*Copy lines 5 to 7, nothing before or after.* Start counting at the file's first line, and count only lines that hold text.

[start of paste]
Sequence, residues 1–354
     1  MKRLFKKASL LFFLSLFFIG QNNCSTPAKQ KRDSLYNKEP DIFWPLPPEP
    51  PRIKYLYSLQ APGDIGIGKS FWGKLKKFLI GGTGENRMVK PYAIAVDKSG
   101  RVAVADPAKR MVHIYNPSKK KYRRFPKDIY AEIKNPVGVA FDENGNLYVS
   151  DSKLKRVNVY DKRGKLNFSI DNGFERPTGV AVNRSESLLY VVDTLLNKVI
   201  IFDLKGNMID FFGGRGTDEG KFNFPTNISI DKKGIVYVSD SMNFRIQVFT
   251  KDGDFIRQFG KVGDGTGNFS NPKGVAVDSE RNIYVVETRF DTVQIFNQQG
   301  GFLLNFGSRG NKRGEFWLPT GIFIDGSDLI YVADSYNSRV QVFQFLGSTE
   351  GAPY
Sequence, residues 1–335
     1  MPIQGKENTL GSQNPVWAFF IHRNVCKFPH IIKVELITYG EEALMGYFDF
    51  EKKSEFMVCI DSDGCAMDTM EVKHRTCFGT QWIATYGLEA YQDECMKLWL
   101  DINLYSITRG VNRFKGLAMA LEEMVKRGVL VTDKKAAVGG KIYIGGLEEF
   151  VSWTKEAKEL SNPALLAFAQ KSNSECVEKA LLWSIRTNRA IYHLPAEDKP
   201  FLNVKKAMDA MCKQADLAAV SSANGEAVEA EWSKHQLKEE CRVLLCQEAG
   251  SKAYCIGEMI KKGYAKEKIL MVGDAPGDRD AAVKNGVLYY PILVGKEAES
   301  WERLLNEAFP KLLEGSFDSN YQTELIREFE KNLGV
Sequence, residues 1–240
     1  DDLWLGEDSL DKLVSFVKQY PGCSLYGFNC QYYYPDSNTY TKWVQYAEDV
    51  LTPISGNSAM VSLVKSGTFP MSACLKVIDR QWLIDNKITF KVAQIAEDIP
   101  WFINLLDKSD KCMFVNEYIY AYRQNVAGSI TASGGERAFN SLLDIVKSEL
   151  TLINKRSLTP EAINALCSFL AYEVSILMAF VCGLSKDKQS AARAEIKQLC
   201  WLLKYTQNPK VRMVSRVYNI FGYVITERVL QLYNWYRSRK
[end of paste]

   151  DSKLKRVNVY DKRGKLNFSI DNGFERPTGV AVNRSESLLY VVDTLLNKVI
   201  IFDLKGNMID FFGGRGTDEG KFNFPTNISI DKKGIVYVSD SMNFRIQVFT
   251  KDGDFIRQFG KVGDGTGNFS NPKGVAVDSE RNIYVVETRF DTVQIFNQQG